The irony of this supposedly “elite” journalistic corps labeling Weiss a “Nazi” for “writing about the Jews again” obviously escapes them.  It’s even more ironic because guess who else demanded conformity of speech, books, statues, art and other objects they considered objectionable:  the Nazis themselves.  Nevertheless, Weiss’s colleagues insisted in Orwellian fashion that making the Times truly “inclusive” requires cleansing of one of its few diverse voices.  

Such is the cerebral derangement of today’s left.  

On the heels of Weiss’s departure, high-profile writer-at-large Andrew Sullivan announced his departure from New York magazine for reasons that he would only cryptically label “pretty self-evident.”  Prior to resigning, Sullivan had tweeted several times in support of Weiss, saying in one that, “The mob bullied and harassed a young woman for thoughtcrimes.”  He later added, “And her editors stood by and watched,” and “I’d say Bari’s future is a lot more promising than the NYT’s.”  

All of this follows a similar recent purge at the Times after it ran a commentary by Senator Tom Cotton (R – Arkansas) in favor of a “law and order” approach to growing civil unrest. Not some obscure gadfly offering gratuitously inflammatory clickbait – a sitting Senator whose party composes a majority of one branch of Congress.  

Elsewhere, 150 left-leaning journalists endured leftist blowback for joining “A Letter on Justice and Open Debate” in Harper’s magazine in support of free speech rather than cancel culture.  Their crime?  Writing that, “The free exchange of information and ideas, the lifeblood of a liberal society, is daily becoming more constricted.”  

Once again oblivious to the irony, participant author Jennifer Finney Boylan (coincidentally a contributing opinion writer at The New York Times) groveled in apology, “I thought I was endorsing a well-meaning, if vague, message against internet shaming.  The consequences are mine to bear.  I am so sorry.”  Yes, shame on you for opposing shaming, Ms. Boylan.  

Similar purges continue across academia, media, corporate society and entertainment.  Even once-celebrated “Hamilton” suddenly finds itself under woke culture attack for portraying our Founding Fathers in a positive light.  

If leftists purge their own institutions for “Wrongthink” such as this, imagine what awaits conservatives and moderates across society should the left regain federal government control.  People like Lois Lerner at the Internal Revenue Service (IRS) were once written off as trivialities and swept under the rug.  Going forward, abusive people like her will more likely be openly embraced to once again target pro-Israel and conservative voices, or private citizens who simply donate to nonprofit organizations deemed intolerable.  As it stands, four Supreme Court justices would have outlawed a simple film critical of Hillary Clinton, a leading presidential candidate in the 2008 election, in the Citizens United case.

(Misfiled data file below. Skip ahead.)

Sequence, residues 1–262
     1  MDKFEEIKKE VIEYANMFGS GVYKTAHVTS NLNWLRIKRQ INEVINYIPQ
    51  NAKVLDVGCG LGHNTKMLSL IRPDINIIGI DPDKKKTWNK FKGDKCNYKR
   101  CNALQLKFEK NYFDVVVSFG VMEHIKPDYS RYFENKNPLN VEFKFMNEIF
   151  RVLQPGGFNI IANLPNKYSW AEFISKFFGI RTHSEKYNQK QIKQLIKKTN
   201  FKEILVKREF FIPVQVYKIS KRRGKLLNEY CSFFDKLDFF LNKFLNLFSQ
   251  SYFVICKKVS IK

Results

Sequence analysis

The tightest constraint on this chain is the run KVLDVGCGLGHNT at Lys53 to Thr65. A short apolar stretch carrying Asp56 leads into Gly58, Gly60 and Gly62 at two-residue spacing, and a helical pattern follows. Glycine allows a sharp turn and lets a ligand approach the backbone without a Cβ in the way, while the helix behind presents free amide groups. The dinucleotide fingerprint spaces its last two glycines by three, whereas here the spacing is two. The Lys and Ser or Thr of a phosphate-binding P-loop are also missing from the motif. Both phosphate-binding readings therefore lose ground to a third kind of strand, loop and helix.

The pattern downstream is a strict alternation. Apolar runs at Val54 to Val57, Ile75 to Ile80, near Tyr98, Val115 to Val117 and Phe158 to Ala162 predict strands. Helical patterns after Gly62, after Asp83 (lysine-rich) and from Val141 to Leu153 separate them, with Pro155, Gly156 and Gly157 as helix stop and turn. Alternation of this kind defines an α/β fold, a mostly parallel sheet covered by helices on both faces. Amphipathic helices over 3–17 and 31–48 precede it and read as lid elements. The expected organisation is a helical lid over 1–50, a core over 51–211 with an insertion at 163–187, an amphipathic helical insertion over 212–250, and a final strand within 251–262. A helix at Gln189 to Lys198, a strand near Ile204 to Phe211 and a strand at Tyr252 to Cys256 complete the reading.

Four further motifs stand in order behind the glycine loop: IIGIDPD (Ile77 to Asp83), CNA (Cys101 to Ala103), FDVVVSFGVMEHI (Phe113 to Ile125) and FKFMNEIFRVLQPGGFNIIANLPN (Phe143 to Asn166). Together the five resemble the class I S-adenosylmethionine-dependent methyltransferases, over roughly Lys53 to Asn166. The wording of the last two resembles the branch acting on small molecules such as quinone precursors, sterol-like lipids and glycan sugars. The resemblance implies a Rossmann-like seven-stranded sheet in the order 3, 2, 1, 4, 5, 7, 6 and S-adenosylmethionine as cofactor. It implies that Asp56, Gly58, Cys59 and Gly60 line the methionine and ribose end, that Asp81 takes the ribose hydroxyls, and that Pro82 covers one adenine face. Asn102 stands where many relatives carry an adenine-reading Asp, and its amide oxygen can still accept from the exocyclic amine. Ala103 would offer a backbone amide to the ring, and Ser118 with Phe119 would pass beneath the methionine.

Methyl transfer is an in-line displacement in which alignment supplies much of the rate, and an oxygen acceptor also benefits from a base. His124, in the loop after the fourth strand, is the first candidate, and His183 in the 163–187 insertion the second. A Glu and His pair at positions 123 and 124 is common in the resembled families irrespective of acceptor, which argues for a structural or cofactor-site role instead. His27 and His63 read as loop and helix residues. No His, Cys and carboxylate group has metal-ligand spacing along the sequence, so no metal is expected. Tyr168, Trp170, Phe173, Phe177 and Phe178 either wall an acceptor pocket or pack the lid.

The prospect of Joe Biden somehow offering a vigilant bulwark against such abuse appears dubious, to understate matters.  Accordingly, whatever one’s political perspective – left, right or centrist – these accumulating incidents offer ominous signs to consider as November nears.   

Question of the Week   
Which one of the following was the first 20th century presidential candidate to call for a Presidential Debate?
More Questions
Quote of the Day   
 
"Joe Biden's tax proposals have gone through a variety of iterations over the course of his campaign, but lately, he's settled on a pledge not to raise taxes on those earning under $400,000.This pledge is not consistent with his current proposals, but he's even less likely to be constrained if he's elected president.Even if Biden claims he would not directly raise income tax rates on those earning…[more]
 
 
—The Editors, Washington Examiner
— The Editors, Washington Examiner
 
Liberty Poll   

Do you believe you will be better off over the next four years with Joe Biden as president or with Donald Trump as president?